Peter Schieffelin Nyberg Explains How the Pandemic has Impacted Live Events



The COVID-19 pandemic and the resulting government bans on large gatherings have all but decimated the live events industry and it could be many months before the industry is able to start up again.

The majority of live events have already been canceled through September, which includes everything from indoor conventions, to outdoor fairs, cultural events, concerts, and sporting events, among others. The live concert industry alone is expected to lose billions of dollars in revenue this year.

It’s not just live event promoters that are struggling either, but also their suppliers, says Peter Schieffelin Nyberg, the CFO of the Camino Community Center, a nonprofit which provides medical assistance, a pantry, and numerous other services for Charlotte’s low-income community. In the U.K, 60% of event suppliers were facing collapse within the next three months as of the middle of April, with several having already gone under.

Workers in these industries are typically freelance or self-employed seasonal workers who rely heavily on the summer event season to provide them with much of their income for the year. That’s mostly been wiped out now, leaving hundreds of thousands in the industry at financial risk.

There’s also the question of what regulations the industry will face when it’s allowed to operate again and how that will affect profitability. Many businesses have complained of stringent new coronavirus regulations that have made their companies more difficult and costly to operate.


Re-opening Stages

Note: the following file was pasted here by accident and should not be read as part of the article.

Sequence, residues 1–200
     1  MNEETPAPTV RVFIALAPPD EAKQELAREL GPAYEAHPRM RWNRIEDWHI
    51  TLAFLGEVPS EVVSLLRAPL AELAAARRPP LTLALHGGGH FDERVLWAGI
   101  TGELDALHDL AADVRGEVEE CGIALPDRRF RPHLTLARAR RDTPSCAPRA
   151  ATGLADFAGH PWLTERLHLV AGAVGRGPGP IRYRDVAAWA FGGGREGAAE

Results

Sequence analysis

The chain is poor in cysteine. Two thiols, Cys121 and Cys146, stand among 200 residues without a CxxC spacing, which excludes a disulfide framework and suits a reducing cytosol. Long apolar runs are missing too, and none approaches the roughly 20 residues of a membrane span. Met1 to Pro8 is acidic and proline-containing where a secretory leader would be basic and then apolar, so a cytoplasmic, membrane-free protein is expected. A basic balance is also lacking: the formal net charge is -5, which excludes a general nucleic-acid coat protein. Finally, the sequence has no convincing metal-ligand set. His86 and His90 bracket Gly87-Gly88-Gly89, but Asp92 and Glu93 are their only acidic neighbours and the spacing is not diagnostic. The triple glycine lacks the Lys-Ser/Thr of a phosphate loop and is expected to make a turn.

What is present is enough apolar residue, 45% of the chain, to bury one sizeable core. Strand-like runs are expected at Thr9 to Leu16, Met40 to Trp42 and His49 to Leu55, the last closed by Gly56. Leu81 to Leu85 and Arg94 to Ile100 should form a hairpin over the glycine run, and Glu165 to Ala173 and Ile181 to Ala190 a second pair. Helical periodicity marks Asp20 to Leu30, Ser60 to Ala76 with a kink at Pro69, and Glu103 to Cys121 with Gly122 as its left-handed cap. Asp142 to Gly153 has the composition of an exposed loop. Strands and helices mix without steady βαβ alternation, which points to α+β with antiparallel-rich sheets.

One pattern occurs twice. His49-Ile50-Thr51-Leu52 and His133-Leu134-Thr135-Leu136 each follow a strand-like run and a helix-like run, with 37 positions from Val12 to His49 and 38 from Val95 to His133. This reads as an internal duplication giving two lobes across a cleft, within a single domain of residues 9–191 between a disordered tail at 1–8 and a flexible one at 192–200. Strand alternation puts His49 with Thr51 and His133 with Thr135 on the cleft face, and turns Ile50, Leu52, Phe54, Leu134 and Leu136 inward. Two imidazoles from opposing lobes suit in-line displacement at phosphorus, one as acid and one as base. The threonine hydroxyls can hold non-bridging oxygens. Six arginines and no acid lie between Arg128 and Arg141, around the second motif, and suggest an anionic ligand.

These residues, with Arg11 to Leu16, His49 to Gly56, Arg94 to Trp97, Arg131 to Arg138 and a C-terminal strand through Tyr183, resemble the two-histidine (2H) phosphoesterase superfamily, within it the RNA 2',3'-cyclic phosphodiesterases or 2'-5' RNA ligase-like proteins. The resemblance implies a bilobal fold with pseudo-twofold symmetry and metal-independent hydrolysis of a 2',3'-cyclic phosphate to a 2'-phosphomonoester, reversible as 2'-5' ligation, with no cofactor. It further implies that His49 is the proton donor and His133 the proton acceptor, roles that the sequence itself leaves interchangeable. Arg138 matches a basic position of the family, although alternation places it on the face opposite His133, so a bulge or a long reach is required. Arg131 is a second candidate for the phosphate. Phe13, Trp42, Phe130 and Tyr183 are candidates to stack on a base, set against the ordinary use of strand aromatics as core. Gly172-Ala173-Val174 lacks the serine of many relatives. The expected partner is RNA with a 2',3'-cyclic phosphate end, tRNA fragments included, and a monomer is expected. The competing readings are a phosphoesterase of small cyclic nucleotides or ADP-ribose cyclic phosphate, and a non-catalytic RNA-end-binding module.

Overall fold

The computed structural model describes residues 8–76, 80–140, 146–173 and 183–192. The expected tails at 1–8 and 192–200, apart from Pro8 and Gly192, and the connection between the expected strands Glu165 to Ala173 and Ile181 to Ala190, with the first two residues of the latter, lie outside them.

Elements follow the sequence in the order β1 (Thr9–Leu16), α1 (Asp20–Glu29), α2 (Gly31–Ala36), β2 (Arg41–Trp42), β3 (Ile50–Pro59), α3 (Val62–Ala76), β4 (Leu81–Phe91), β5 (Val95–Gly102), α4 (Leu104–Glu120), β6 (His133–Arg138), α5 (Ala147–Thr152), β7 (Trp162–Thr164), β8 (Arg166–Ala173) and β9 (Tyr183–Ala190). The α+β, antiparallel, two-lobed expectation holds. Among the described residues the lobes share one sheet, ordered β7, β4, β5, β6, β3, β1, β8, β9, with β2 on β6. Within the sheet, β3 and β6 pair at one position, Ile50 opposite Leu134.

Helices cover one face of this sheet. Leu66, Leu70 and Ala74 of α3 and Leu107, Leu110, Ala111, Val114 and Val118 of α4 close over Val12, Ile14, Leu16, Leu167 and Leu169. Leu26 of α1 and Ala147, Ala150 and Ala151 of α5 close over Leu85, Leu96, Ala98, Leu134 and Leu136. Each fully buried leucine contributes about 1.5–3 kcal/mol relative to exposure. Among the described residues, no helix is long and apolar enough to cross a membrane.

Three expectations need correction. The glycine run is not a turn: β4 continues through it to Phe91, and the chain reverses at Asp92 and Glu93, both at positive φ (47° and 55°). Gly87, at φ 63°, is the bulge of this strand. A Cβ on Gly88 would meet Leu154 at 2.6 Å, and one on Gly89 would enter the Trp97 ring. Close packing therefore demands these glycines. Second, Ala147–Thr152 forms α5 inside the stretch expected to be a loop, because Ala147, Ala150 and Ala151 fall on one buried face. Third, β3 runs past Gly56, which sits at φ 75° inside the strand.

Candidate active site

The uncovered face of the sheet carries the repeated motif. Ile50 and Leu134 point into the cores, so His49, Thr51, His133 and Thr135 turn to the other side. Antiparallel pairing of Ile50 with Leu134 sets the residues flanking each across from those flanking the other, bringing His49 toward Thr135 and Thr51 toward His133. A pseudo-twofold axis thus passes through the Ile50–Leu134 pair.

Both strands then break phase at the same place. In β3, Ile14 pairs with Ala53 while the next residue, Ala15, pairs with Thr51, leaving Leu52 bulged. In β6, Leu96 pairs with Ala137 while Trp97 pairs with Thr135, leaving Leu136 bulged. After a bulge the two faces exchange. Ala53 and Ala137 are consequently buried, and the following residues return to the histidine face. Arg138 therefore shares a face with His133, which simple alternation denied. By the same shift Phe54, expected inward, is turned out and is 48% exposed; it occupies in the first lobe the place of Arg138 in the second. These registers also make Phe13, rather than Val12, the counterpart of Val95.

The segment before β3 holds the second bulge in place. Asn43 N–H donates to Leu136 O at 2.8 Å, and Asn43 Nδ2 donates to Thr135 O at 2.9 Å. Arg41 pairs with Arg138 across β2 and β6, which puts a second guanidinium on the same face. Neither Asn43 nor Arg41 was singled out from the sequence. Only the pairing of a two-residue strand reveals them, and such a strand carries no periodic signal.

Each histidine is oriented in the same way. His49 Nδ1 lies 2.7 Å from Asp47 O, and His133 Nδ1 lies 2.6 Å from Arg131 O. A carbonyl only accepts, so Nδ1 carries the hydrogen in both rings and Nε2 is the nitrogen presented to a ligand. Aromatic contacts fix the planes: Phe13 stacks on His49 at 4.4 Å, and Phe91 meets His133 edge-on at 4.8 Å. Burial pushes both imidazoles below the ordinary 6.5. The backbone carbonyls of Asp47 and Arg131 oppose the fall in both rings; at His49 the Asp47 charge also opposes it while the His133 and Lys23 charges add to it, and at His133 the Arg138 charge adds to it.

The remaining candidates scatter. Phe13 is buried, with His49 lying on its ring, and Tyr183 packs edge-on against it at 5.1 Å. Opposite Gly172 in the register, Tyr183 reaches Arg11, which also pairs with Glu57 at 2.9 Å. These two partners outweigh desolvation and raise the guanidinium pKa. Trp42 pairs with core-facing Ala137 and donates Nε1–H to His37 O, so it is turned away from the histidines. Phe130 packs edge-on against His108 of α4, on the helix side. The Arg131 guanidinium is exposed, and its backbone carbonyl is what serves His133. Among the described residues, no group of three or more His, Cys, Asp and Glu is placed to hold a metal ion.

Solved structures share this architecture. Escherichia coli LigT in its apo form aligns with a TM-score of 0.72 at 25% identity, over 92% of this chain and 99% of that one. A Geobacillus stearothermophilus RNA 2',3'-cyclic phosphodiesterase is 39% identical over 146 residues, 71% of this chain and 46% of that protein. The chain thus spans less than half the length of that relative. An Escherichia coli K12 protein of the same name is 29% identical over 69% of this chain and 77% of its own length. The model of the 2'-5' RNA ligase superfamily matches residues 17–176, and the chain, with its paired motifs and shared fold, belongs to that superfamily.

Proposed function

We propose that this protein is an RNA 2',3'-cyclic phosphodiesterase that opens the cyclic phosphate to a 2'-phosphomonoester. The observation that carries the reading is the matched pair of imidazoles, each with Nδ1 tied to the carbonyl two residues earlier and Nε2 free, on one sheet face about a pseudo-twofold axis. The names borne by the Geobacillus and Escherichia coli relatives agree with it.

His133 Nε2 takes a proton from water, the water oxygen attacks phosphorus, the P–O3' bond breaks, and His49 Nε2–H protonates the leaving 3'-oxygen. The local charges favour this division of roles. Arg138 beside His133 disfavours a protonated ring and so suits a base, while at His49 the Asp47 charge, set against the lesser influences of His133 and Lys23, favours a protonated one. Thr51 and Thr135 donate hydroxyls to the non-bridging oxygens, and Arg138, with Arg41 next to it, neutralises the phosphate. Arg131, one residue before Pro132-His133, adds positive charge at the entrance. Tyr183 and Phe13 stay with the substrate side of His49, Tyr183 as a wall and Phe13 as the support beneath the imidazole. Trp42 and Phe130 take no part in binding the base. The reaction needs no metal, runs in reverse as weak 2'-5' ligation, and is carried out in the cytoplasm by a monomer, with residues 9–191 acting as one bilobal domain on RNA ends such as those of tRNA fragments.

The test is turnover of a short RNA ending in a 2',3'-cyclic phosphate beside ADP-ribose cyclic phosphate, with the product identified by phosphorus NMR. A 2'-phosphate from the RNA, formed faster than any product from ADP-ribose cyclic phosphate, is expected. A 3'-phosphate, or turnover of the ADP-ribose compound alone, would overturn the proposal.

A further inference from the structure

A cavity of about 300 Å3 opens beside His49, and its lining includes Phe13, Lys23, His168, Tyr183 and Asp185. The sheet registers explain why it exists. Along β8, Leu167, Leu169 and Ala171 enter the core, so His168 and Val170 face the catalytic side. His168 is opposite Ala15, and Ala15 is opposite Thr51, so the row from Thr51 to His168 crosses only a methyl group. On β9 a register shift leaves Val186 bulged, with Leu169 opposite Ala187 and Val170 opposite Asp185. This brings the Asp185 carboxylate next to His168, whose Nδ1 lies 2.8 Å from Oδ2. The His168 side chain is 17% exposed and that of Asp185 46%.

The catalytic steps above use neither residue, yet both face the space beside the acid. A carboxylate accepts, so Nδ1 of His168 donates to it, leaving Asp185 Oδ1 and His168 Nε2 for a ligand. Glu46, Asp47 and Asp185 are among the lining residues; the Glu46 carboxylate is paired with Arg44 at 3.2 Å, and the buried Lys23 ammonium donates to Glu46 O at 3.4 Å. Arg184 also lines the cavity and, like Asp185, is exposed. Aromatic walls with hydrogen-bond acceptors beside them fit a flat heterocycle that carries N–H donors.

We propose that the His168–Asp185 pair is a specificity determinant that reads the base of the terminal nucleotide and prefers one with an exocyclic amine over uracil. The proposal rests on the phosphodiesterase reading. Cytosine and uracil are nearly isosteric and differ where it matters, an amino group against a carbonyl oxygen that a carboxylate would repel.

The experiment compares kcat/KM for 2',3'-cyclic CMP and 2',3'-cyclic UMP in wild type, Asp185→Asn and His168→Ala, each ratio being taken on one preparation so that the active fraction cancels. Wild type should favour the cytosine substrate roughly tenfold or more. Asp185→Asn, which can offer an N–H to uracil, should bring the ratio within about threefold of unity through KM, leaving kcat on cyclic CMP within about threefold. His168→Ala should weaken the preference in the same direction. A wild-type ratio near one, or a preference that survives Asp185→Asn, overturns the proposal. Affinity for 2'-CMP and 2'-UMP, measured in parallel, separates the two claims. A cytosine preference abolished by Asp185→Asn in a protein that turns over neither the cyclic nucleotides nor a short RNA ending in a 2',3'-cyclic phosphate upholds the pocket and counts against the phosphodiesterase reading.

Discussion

Peter Schieffelin Nyberg notes that the live events industry does have one thing going for it, which is a growing consensus among scientists that our economies need to be fully reopened now, which could potentially speed up the timeline for holding large gatherings again.

In Germany, a group of health experts and scientists commissioned by the government to review the data and make recommendations suggested that the lockdown measures were overblown and that young people and healthy adults are at minimal risk of dying from the virus.

Other scientists have also suggested that the lockdowns are doing more harm than good when it comes to public health. Among other things, the lockdowns have led to a spike in suicides, drug and alcohol addiction, and people dying in their homes from potentially treatable conditions because they were either afraid to go to the hospital or because hospitals were no longer performing the surgeries they needed.

If reopening is on the horizon, the biggest question then facing the live events industry according to Peter Schieffelin Nyberg is how willing people will be to go out and be around large groups of people again.


The Bottom Line

The hope is that after months of being locked down, people will be eager to get out and enjoy life. However, it’s equally plausible that after months of media hysteria about the risk posed by the coronavirus, that people will be cautious to rush out into crowds, even to see their favorite musician.

There’s a lot riding on the decisions made by governments over the coming few weeks, as they will largely determine the state of the live events industry for months and even years to come.


By Jamie Cartwright


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